Running on Grit: Missoula Women Hit the Trails

Dakota Umbel and Sophie Tsairis on Mount Sentinel above Missoula. Photo: Kristina Pattison

Working our way up Northwest Ridge route, our conversation fizzles. Breaths are saved for breathing. We settle into a grind, pushing down on our knees and navigating over and through the occasional stair-stepping rocks, grabbing here and there for balance. After the final push to the top, I turn to see beaming faces. Some looks of relief mixed with accomplishment but all smiling, all proud, all women.

This is Missoula and the women here run.

But when I moved to Missoula I was not a runner. During 2009, I was a rookie candidate for the Missoula Smokejumpers. Among a class of eight that dwindled to five, I was the last standing female among a group of outstanding males. It was not easy, but it was a common theme in my life. Smokejumping taught me many lessons about what women are, what we can be, and why we consistently do or do not achieve our aspirations.

Women can be surprisingly stubborn. For good or for bad, we tend to stick to our guns.

Approximately 20% of wildland firefighters in America are female. That number drops to about 10% of the nearly 400 smokejumpers employed in America to parachute into mountainous terrain to extinguish wildland fires in remote areas. When I graduated the program, six of 80 active jumpers working at the Missoula Smokejumper Base were female. All strong, all stubbornly independent, all of us six: women.

While working for the smokejumpers, and finishing my undergraduate education at the University of Montana Health and Human Performance Department, I had the opportunity to assist Joseph Domitrovich, PhD, and Steven Gaskill, PhD, at the Human Performance Lab. During their research studies for the USFS Missoula Technology & Development Center, we learned the relative fitness of female smokejumpers is significantly higher than male smokejumpers.

Relative fitness is a ratio of the aerobic threshold of an athlete divided by their maximum aerobic capacity. Basically, it suggests the percentage of a person’s max output they will be able to sustain while exercising. In real terms, this means women smokejumpers work at a much higher percent of their aerobic max capacity than men.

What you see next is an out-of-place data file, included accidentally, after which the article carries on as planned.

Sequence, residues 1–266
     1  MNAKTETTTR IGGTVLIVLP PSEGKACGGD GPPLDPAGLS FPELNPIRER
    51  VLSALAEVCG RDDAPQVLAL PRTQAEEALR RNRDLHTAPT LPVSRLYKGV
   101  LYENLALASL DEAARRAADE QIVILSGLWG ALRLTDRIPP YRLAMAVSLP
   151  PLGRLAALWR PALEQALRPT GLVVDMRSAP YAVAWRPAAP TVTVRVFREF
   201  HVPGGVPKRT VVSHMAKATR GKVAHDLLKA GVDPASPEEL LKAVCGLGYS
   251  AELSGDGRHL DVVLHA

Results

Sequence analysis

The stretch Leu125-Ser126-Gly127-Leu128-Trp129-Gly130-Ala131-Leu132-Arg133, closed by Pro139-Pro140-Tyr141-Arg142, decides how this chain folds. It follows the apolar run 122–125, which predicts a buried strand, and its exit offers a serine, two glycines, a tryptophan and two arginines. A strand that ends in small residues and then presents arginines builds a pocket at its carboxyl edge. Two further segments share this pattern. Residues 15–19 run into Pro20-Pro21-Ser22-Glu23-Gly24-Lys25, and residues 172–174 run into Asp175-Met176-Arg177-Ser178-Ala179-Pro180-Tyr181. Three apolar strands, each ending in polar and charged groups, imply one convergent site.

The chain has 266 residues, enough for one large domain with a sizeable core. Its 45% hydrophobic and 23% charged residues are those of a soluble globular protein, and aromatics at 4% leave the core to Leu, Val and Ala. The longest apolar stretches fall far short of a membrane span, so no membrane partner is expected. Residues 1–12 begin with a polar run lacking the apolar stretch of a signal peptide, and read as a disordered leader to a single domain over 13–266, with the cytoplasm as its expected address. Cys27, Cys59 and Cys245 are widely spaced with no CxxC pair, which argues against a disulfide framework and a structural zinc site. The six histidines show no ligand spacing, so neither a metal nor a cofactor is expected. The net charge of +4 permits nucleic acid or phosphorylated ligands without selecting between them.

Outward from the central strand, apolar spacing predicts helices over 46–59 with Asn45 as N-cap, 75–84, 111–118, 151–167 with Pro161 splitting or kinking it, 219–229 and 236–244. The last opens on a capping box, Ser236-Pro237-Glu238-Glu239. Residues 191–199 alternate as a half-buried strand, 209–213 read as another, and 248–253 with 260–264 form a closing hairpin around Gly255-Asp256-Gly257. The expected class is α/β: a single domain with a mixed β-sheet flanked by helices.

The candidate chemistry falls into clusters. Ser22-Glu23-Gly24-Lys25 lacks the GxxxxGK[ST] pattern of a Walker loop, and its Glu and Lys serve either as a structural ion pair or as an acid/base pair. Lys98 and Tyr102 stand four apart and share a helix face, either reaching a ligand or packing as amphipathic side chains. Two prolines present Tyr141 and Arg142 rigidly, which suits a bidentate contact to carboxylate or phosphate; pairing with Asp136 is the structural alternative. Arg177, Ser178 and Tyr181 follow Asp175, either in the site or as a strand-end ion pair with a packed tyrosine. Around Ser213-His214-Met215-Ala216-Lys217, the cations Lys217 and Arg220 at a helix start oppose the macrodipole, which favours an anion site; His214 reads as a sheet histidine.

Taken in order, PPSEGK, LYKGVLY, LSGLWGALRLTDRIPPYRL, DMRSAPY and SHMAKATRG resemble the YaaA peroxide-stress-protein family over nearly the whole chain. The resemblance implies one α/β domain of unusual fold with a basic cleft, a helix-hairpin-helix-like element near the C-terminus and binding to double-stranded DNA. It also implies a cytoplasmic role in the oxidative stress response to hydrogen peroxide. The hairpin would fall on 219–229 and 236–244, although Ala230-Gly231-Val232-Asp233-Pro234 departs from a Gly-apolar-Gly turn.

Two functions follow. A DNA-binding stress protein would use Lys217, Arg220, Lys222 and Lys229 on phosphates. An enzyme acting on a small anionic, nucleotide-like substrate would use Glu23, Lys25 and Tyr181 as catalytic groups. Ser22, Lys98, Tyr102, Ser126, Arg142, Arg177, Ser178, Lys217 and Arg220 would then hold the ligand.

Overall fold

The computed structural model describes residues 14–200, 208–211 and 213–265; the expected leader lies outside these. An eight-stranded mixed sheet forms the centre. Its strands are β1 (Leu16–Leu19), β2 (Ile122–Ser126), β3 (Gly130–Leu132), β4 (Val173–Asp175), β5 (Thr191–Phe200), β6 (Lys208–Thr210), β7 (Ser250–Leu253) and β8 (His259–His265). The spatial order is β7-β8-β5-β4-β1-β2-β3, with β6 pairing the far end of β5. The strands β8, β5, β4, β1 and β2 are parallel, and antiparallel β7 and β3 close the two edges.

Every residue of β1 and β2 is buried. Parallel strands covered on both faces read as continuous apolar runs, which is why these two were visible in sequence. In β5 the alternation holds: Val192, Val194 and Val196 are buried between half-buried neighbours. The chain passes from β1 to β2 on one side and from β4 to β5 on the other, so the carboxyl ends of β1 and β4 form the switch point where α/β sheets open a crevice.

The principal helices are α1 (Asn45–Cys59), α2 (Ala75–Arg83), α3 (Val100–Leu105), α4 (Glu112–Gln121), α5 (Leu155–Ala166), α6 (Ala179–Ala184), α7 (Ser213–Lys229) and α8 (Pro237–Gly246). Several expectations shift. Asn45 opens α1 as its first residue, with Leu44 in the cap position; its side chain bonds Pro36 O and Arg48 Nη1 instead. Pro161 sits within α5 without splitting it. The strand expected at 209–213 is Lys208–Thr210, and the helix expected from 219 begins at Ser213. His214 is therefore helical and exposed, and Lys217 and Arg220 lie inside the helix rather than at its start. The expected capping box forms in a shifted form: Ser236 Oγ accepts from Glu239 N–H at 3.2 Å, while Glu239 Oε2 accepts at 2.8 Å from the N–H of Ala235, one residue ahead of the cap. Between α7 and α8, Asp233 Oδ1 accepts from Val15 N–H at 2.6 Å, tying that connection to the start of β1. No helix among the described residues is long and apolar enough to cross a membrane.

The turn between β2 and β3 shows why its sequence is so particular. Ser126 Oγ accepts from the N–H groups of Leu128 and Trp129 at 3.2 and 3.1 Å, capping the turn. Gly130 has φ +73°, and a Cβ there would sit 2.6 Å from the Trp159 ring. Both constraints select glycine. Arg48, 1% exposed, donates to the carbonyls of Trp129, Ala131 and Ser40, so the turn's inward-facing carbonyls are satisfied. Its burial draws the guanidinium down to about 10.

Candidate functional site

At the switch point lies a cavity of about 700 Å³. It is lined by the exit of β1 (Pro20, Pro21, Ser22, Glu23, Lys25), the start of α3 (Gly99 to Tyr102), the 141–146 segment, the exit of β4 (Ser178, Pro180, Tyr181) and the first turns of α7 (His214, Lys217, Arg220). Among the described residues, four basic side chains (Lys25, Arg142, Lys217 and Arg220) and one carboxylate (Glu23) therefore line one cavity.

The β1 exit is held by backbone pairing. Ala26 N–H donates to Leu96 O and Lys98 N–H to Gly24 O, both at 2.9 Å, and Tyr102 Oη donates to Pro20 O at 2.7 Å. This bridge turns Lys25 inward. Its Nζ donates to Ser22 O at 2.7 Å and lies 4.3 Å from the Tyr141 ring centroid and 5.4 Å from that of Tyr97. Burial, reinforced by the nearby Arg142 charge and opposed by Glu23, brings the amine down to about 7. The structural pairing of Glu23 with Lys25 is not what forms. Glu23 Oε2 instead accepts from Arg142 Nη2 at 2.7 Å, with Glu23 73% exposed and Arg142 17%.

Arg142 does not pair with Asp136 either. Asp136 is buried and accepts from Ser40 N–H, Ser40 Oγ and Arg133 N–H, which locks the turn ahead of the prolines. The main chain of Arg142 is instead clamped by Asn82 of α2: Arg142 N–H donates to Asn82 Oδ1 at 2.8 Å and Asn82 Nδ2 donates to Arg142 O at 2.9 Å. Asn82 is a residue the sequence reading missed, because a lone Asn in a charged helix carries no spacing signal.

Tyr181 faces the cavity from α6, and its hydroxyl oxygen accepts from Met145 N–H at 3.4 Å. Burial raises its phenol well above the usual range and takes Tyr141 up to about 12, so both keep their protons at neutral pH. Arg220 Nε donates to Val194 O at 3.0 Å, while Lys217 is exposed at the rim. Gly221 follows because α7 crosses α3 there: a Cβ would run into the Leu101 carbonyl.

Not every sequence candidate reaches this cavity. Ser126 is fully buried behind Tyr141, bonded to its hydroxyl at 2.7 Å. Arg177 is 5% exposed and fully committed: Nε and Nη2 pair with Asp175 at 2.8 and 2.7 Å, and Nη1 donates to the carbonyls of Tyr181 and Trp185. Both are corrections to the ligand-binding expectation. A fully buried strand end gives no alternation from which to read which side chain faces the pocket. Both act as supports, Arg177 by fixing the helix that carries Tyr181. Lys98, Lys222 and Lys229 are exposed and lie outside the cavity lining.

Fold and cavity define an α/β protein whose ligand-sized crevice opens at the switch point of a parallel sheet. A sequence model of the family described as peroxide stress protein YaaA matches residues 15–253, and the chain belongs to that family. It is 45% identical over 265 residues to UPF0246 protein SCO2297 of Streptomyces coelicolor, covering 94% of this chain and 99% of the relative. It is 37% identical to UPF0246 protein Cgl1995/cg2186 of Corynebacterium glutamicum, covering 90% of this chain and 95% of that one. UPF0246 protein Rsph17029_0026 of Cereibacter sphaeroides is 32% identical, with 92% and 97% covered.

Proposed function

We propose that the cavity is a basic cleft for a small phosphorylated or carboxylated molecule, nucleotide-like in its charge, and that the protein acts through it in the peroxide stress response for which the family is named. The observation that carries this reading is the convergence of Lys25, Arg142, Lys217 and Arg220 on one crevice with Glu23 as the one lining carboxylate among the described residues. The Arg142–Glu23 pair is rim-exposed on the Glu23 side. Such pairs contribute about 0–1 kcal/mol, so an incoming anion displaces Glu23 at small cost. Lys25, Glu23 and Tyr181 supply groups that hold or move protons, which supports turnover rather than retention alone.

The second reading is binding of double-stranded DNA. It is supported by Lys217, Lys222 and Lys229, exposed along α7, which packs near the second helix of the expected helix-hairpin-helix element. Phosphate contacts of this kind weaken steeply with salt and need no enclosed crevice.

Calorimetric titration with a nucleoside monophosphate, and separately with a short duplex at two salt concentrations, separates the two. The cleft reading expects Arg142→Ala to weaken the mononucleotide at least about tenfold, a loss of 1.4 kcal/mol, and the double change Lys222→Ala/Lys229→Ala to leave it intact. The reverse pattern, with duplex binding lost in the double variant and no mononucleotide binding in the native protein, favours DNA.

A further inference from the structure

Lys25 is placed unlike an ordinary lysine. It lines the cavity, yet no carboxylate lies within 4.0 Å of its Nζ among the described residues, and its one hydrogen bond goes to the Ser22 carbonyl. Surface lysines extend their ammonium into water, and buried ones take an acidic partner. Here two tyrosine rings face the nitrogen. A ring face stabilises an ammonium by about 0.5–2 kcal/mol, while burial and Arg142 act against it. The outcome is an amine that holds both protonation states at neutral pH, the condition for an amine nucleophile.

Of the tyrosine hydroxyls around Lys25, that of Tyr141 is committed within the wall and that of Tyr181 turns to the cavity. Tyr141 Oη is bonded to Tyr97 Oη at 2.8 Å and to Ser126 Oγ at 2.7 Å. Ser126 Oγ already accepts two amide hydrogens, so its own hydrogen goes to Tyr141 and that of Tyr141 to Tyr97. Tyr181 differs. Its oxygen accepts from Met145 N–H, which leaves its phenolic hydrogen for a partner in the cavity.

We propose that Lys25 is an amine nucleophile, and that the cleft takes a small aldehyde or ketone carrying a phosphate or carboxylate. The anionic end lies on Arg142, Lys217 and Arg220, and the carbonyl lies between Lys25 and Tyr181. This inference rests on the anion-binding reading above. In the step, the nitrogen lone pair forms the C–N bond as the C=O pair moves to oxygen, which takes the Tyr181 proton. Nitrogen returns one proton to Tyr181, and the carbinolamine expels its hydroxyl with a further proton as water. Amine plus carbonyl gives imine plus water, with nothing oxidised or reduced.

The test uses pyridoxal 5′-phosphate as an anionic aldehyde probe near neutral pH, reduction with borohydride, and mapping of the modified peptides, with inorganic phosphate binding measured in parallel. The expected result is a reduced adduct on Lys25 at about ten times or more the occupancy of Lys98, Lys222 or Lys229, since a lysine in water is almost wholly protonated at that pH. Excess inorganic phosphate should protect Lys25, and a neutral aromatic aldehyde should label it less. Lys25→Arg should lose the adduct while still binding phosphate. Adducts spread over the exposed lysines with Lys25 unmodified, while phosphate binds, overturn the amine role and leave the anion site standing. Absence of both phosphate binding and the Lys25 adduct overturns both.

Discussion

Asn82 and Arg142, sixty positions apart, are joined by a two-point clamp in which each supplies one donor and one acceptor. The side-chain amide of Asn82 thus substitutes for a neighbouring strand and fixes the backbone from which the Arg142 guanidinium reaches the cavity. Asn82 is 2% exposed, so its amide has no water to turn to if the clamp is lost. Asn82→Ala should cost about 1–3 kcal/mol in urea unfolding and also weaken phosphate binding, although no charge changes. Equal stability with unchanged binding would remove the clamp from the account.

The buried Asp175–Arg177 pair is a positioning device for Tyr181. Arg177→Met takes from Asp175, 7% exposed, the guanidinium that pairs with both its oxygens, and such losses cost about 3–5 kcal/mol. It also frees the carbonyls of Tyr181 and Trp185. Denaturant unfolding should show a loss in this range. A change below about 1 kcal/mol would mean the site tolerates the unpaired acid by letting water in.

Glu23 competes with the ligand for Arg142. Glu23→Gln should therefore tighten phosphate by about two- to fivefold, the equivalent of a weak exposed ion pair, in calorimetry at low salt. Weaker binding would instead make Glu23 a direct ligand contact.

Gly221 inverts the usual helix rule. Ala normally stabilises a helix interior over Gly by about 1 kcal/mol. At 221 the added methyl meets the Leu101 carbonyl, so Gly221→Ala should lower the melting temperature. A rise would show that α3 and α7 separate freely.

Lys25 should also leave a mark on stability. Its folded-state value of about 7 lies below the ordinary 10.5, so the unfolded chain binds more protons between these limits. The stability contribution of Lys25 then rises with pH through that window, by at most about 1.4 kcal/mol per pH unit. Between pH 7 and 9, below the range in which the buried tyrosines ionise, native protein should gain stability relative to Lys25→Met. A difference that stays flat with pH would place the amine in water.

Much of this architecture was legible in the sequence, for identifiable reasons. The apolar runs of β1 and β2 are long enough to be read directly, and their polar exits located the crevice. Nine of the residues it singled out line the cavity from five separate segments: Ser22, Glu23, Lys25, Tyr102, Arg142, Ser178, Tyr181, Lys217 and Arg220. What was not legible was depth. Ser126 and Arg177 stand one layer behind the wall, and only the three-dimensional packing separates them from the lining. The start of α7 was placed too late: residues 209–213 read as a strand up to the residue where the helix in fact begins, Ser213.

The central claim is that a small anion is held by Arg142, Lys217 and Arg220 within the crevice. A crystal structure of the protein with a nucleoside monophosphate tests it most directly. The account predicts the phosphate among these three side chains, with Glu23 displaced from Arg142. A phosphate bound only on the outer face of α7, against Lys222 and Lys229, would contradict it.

But why? The men are still bigger, and often have higher maximum aerobic capacity. But the men aren’t using all of their engine. Performing daily work like cutting fire line with hand tools, using chainsaws, or carrying heavy packs is not maxing the gears in the men. The women are trained to use more of their engine effectively, to perform the same grueling 16-hour shifts of arduous manual labor in extreme environments as their male counterparts.

So how does a woman get to be so physically tough? Anecdotally I can say: mental grit.

Women smokejumpers invariably train throughout the winter, obsessively lifting, hiking, eating, running, skiing, etc. to maintain their extraordinarily high levels of fitness. The aerobic threshold of women smokejumpers when tested was comparable to the most elite female athletes in the world. Male smokejumpers, when cross-compared with the general population at different age groups out-perform at every age. They too are considered among some of the fittest men in America, so they set a high standard for the women to match. 

It takes a particularly tough and confident mental constitution for any female candidate to attempt that lofty goal. Of course some physical characteristics are preferable, but as one of the smallest women ever to jump, I can say truthfully 99.9% of the battle is mental grit.

Some women will try, some women will succeed, most women will not. I have spent every year since 2009 mentoring both. What is the difference between those who try and those who succeed? 

Those who succeed believe they can and they chose the path to get there. When it gets hard, they stop talking and they keep walking.

Since 2014, I have been on the board of Montana Trail Crew, a non-profit organization advertised at that time as being committed to “building a trail running community in Montana”¦” along with being a resource for education and stewardship for the preservation and maintenance of our local trail system. During the summer of 2014, I started a women’s trail running group through MTC in Missoula to facilitate an environment that would encourage women to run together and build each other up.

Suffering under a common purpose brings people together on a deeper level that cannot be achieved in any other way. 

People with a common purpose share a collective conscience. We share trails, we value trails, we value each other, and we take care of all of the above.

More often than not, I am approached by women who will not run with me. They tell me they cannot run with me. I tell them they can. They tell me they can’t.

I’m telling you: you can.

We meet Fridays, 6:30pm at the M trailhead parking lot. Tell yourself you can.

Kristina Pattison is an ultra-distance mountain and trail runner from Missoula, Montana. She works as a doctor of physical therapy and a Certified Strength and Conditioning Specialist at Missoula Bone & Joint Physical Therapy and Sports Medicine